Update the application

Estimated reading time: 3 minutes

As a small feature request, we’ve been asked by the product team to change the “empty text” when we don’t have any todo list items. They would like to change it to the following:

You have no todo items yet! Add one above!

Pretty simple, right? Let’s make the change.

Update the source code

  1. In the src/static/js/app.js file, update line 56 to use the new empty text.

     -                <p className="text-center">No items yet! Add one above!</p>
     +                <p className="text-center">You have no todo items yet! Add one above!</p>
    
  2. Let’s build our updated version of the image, using the same command we used before.

     $ docker build -t getting-started .
    
  3. Let’s start a new container using the updated code.

     $ docker run -dp 3000:3000 getting-started
    

Uh oh! You probably saw an error like this (the IDs will be different):

docker: Error response from daemon: driver failed programming external connectivity on endpoint laughing_burnell 
(bb242b2ca4d67eba76e79474fb36bb5125708ebdabd7f45c8eaf16caaabde9dd): Bind for 0.0.0.0:3000 failed: port is already allocated.

So, what happened? We aren’t able to start the new container because our old container is still running. It is because the container is using the host’s port 3000 and only one process on the machine (containers included) can listen to a specific port. To fix this, we need to remove the old container.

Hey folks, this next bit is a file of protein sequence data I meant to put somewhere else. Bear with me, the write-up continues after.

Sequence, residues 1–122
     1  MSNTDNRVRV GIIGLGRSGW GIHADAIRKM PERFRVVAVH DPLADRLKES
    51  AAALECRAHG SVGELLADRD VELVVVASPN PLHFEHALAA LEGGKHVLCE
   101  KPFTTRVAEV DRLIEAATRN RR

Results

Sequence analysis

Replace the old container

To remove a container, it first needs to be stopped. Once it has stopped, it can be removed. We have two ways that we can remove the old container. Feel free to choose the path that you’re most comfortable with.

Remove a container using the CLI

  1. Get the ID of the container by using the docker ps command.

     $ docker ps
    
  2. Use the docker stop command to stop the container.

     # Swap out <the-container-id> with the ID from docker ps
     $ docker stop <the-container-id>
    
  3. Once the container has stopped, you can remove it by using the docker rm command.

     $ docker rm <the-container-id>
    

Note

You can stop and remove a container in a single command by adding the “force” flag to the docker rm command. For example: docker rm -f <the-container-id>

Remove a container using the Docker Dashboard

If you open the Docker dashboard, you can remove a container with two clicks! It’s certainly much easier than having to look up the container ID and remove it.

  1. With the dashboard opened, hover over the app container and you’ll see a collection of action buttons appear on the right.

  2. Click on the trash can icon to delete the container.

  3. Confirm the removal and you’re done!

Docker Dashboard - removing a container

Start the updated app container

  1. Now, start your updated app.

     $ docker run -dp 3000:3000 getting-started
    
  2. Refresh your browser on http://localhost:3000 and you should see your updated help text!

Updated application with updated empty text

Recap

While we were able to build an update, there were two things you might have noticed:

  • All of the existing items in our todo list are gone! That’s not a very good app! We’ll talk about that shortly.
  • There were a lot of steps involved for such a small change. In an upcoming section, we’ll talk about how to see code updates without needing to rebuild and start a new container every time we make a change.

Before talking about persistence, we’ll quickly see how to share these images with others.

get started, setup, orientation, quickstart, intro, concepts, containers, docker desktop